Other Names: Was known as Orlando Cemetery until 1915
Property Address: 1603 Greenwood St, Orlando, FL 32801
Coordinates: Latitude:, Longitude: -
Number of Named Graves (in survey):
Number of Unnamed Graves (in survey):
Oldest Date of Death on a Tombstone:
Original Information: Greenwood Cemetery is Orlando's largest and oldest cemetery. It is a municipal cemetery owned and operated by the City of Orlando. It was established in 1880. For burial records please see our selection of books on this cemetery available for sale.
1 This cemetery was not published in the 1980s survey but instead is contained in our Greenwood Cemetery Vols. 1 & 2 books for sale.
From CFGS Buried Treasures Quarterly Vol. 33, No. 1 Winter 2001
Greenwood Cemetery - Orlando's Cemetery
Greenwood Cemetery began in 1880 as a stock company called the Orlando Cemetery Company. Eight influential men of Central Florida decided that Orlando needed a community cemetery, formed the company and purchased 26 acres of land in southeast Orlando for a sum of $1800. These men were: W. R Anno, C. A Boone, James Delaney, James K. Duke, 1. H. Livingston, Nat Poyntz, Samuel Robinson and L P. Wescott. Prior to this, burials in the Orlando area were in family plots or in a few small cemeteries - the Powell Cemetery south of Orlando, the Beasley Cemetery (now Oak Hill) west of Orlando and an early downtown cemetery located at Church and Pine Streets downtown, in the area that is now Downtown Baptist Church.
Orlando Cemetery was laid out by Samuel Robinson & Otto Fries, 'with Robinson stating modestly "the cemetery's design was pronounced by experts to be one of the best original designs." The cemetery probably encompassed what are now sections A-J, with the original entrance on Gore Street on the south. Some bodies were moved from other cemeteries - particularly the downtown cemetery - and the Orlando Cemetery was in business. W. R. O'Neal wrote in a 1942 newspaper article that the owners of the cemetery turned it over to E. W. Richards, the undertaker, and basically forgot about it The property became overgrown with brush and weeds; soon a fire occurred which destroyed many of the original wooden markers. In 1892, the city of Orlando purchased the cemetery for a sum of $3000 and added more land. Elijah Hand was given a contract to bury paupers for $5 per interment, and a plot was laid out for Confederate Veterans.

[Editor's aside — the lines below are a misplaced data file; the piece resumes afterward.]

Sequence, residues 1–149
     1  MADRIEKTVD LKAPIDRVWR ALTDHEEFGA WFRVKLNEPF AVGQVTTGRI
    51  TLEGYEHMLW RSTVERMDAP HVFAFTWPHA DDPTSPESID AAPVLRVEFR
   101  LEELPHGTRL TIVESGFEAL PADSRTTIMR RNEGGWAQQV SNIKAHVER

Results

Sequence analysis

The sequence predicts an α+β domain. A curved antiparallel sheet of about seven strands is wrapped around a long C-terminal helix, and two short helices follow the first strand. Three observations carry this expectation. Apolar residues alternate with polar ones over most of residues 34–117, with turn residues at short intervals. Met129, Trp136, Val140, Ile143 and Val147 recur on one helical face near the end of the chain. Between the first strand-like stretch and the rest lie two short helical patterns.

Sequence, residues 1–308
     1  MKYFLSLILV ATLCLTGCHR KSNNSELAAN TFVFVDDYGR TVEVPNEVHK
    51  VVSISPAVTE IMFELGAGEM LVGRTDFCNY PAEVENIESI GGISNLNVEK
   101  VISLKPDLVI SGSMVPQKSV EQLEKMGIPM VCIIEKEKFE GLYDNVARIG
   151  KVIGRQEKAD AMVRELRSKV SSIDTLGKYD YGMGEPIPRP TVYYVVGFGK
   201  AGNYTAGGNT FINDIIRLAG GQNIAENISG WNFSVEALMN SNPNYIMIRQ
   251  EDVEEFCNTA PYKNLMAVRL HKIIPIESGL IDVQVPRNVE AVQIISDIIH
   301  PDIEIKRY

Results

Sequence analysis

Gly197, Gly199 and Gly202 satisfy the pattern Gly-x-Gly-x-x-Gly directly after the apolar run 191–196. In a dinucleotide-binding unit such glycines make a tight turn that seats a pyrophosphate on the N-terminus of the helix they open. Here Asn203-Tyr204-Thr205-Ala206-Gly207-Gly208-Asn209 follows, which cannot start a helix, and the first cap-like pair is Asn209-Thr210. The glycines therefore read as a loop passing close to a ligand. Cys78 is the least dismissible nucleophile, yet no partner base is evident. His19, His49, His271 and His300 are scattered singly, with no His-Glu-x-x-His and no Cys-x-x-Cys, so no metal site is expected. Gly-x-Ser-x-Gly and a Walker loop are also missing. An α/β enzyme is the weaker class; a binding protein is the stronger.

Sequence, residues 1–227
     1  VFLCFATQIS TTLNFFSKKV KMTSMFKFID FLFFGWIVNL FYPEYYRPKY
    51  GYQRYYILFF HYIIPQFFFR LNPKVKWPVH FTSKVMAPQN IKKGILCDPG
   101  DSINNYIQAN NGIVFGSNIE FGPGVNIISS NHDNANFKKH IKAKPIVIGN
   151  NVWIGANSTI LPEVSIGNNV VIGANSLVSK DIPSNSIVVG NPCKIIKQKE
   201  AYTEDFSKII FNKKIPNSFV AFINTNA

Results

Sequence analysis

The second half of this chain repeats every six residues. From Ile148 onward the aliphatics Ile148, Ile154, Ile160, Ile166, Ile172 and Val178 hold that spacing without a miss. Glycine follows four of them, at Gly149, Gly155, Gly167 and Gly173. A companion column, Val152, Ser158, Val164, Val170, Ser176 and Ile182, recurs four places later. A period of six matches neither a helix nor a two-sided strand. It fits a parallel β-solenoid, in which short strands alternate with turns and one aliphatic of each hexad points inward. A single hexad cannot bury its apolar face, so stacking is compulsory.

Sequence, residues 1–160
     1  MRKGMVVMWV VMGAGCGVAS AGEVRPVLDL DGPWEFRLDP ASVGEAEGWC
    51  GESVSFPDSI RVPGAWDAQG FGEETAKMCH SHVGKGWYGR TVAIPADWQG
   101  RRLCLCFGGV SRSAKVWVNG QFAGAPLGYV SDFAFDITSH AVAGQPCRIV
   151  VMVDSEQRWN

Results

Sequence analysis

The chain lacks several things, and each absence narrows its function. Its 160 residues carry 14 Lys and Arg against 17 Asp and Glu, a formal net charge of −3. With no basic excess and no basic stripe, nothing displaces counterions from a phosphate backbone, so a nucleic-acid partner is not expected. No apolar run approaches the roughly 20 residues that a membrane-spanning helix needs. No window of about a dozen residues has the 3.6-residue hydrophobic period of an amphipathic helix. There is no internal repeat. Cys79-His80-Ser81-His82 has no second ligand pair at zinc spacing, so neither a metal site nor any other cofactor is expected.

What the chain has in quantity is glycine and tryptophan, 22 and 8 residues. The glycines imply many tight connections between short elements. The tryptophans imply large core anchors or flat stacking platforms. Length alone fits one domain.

The name of the cemetery was changed from Orlando Cemetery to Greenwood Cemetery in 1915 at the request of two of its founders, C. A. Boone and Samuel A Robinson. The city took over maintenance and created a beautiful setting. Since that time, there have been two additional purchases of land to expand the cemetery to 86 acres. Development has surrounded the cemetery, and there is no more room for expansion. Remaining sites are few, interments are limited to city residents, and plots can only be resold to the city.
There are a number of interesting gravesites in Greenwood. In section D, there is the grave of Fred Weeks who, according to local history, was scammed in a fraudulent land deal. He erected a large mausoleum, with the inscription "A certain man went down from Jerusalem to Jericho and fell among thieves" and listed the names of the men who had wronged him. The names were later obliterated [at the city lawyer's insistence] but the quote remains. The grave of Joe Tinker, who was a baseball Hall of Famer, is in section L. Sections A and B are the oldest sections and the names on the stones bear a striking resemblance to the street names of Orlando - Robinson, Gore, Anderson, Bumby, etc. There are sections set aside for Confederate veterans, Union veterans, Spanish-American War veterans, World War I & II veterans.
No exact total is known on interments since records and markers for the earliest interments have been lost or destroyed over time. The City of Orlando now maintains records for Greenwood; the director and staff of Greenwood have been extremely generous in allowing access to records.
A survey of Greenwood's stones was conducted by CFGS members about 1983 but was never published. [These webpages are the result of that survey.] Another survey was made of tombstones by Mary Jane Knisely for the DeSoto Chapter of the DAR in 1982 and was included in DAR Genealogical Records Committee reports. The current project* of CFGS is to conduct a complete survey, utilizing all the office records as well as tombstone information. This allows inclusion of those who bought lots and never used them and those who are buried there but have no stones as well as those who have stones. Office records are kept by lot number, so it is easy to locate all family members buried in the same plot. The office records also have information from undertakers as to the age at death and date of interment. The first volume of the Greenwood project is complete and includes sections A through J - including the Confederate and Union veteran's lots. Future issues of this quarterly will include abstracts of those records.
Greenwood Cemetery is generally bordered by Anderson Street on the north, Mills Street on the west, Gore Avenue on the south and Hampton Avenue on the east. An urban wetlands park sits just outside the gates on Greenwood Street as it leads into the cemetery. Old oak trees shade the grounds and plantings of azaleas, sago palms and other shrubbery beautify the area.
* This "current project" of CFGS.